Venue: The Royal Institution, 21 Albemarle Street, London W1S 4BS


For more information please visit


The Oxford Literature and Science seminar is meeting twice termly; all with a research interest in the area are welcome, whether members of the university or not. The second event in Trinity Term 2009 will be held in the Breakfast Room, Merton College, Oxford.

Friday 12 June 2009 (7th week), 2pm.

Jean-François Peyret (founder and director of the Tf2 theatre company, Paris), speaking about Les Variations Darwin.

Peyret's work has included productions such as Les Variations Darwin, Galileo, and Le Cas de Sophie K, all of which involved collaborations with scientists.

Further details about the seminar are to be found at:

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Looking back on the End of Time — Modernism and Beyond

University of East Anglia, UK

Keynote Speakers: Prof. Randall Stevenson (University of Edinburgh) and Dr
Bryony Randall (University of Glasgow)

At the turn of the twentieth century developments in the sciences and
technology seemed to necessitate a radical review of the nature, perhaps
even the existence, of time. This interdisciplinary conference will look
at ways in which key figures from this period conceptualised and
represented these changes, and at how this period has been represented
since. Papers will range from the history of science to philosophy and
literature. Further details on the conference website.

Abstracts of 300-400 words should be sent to Kate Armond or Simon de Bourcier by Wednesday June 3rd 2009.

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Science, Technology and the Senses, edited by Sibylle Erle and Laurie Garrison

We are delighted to announce the release of this special issue of Romanticism and Victorianism on the Net available at

Contributors to the volume include:

  • Laurie Garrison and Sibylle Erle,, ‘Introduction’
  • Sibylle Erle, ‘Blake, Colour and the Truchsessian Gallery: Modelling the Mind and Liberating the Observer’
  • Kelly Grovier, ‘‘Paradoxes of the Panoscope’: ‘Walking’ Stewart and the Making of Keats’s Ambivalent Imagination’
  • Laurie Garrison, ‘Imperial Vision in the Arctic: Fleeting Looks and Pleasurable Distractions in Barker’s Panorama and Shelley’s Frankenstein
  • Gavin Budge, ‘The Hero as Seer: Character, Perception and Cultural Health in Carlyle’
  • Verity Hunt, ‘Raising a Modern Ghost: The Magic Lantern and the Persistence of Wonder in the Victorian Education of the Senses’

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Monday 19 January 7.00pm–8.30pm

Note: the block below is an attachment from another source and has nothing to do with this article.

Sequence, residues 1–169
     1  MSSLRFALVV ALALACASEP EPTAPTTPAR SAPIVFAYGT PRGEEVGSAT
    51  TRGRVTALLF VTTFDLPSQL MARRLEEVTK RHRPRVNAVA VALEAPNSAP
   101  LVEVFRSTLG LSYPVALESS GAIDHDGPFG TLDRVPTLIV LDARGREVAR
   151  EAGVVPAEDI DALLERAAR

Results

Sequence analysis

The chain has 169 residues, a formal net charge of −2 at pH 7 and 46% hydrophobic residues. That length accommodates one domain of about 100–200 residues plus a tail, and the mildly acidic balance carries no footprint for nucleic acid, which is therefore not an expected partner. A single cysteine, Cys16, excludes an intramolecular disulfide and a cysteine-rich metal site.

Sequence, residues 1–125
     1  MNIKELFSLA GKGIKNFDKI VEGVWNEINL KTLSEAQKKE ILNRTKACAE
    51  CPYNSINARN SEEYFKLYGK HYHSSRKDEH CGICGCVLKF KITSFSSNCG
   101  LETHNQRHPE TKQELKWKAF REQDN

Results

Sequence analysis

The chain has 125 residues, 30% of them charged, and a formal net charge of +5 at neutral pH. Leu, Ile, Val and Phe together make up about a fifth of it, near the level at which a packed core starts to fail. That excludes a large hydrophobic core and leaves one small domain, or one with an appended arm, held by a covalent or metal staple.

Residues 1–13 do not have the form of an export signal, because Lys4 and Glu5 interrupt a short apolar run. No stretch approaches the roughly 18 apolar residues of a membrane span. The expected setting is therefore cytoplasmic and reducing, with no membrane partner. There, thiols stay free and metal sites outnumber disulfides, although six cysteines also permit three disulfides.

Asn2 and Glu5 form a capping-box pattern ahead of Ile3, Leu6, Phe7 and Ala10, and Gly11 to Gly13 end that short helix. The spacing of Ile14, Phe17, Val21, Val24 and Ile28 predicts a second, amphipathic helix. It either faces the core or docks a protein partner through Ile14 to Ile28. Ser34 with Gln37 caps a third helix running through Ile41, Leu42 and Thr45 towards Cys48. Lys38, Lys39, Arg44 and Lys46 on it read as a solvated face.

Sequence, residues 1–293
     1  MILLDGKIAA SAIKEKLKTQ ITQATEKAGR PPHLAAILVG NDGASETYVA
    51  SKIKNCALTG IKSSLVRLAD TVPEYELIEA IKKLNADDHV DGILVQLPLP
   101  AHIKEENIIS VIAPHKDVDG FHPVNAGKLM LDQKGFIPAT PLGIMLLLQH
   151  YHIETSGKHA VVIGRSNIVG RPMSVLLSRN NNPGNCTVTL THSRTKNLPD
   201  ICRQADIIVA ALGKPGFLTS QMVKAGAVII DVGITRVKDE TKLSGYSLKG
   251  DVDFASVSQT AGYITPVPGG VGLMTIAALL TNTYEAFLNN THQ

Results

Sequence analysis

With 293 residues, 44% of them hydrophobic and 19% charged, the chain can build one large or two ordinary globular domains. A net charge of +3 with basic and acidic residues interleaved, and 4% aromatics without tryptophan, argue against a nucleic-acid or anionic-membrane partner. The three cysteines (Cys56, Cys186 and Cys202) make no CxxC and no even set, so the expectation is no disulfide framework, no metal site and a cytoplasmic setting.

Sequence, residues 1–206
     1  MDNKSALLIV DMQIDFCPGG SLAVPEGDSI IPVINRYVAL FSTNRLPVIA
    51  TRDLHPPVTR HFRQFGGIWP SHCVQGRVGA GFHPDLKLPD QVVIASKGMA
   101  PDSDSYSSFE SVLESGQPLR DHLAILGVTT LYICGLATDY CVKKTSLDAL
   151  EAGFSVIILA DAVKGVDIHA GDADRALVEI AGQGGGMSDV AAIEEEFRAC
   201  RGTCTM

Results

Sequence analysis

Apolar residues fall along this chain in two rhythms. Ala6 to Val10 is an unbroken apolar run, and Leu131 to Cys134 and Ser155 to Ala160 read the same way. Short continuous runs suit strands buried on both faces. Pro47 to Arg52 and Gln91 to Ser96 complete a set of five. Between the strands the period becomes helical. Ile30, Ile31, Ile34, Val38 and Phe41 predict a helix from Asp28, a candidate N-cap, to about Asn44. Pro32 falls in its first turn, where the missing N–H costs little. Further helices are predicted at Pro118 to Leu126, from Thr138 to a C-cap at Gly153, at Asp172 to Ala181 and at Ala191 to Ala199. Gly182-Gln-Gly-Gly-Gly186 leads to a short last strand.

‘The age of wonder’ a lecture by Prof Richard Holmes

In this lecture Richard Holmes tells the story of three remarkable scientific friendships during the Romantic Age in Britain. The astronomers William and Caroline Herschel, the chemists Humphry Davy and Michael Faraday and the medical scientists, John Abernethy and William Lawrence all challenged traditional ideas about human identity, morality and religious belief. They were pioneers in a time where distinctions between poetry, art and science were yet to take hold.

Holmes presents an age on the cusp of modernity, when science and faith in God were mutually incompatible, and shows through the vivid dramas of his central relationships how ideas are nurtured, scientific discoveries made, and how religious faith and scientific truth collide.

This lecture seeks to answer questions that are as relevant to us as they were to Coleridge's generation: What are the sources of creativity? In what sense is there a human soul? Is it a fundamental mistake to regard science as a purely rational pursuit, or must we also recognise it as an imaginative and emotional one?

Admission: Tickets cost £8, £6 concessions, £4 Ri members. You can book tickets online at or by calling the Events Team on 020 7409 2992 9.00am-5.00pm Monday to Friday.

Venue: The Royal Institution, 21 Albemarle Street, London W1S 4BS

For more information please visit

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‘The making of Mr Gray's Anatomy’, a talk by Ruth Richardson
Tuesday 4 November 2008, 7.00pm-8.30pm

The veins of the exterior of the head and face

The Veins of the Exterior of the Head and Face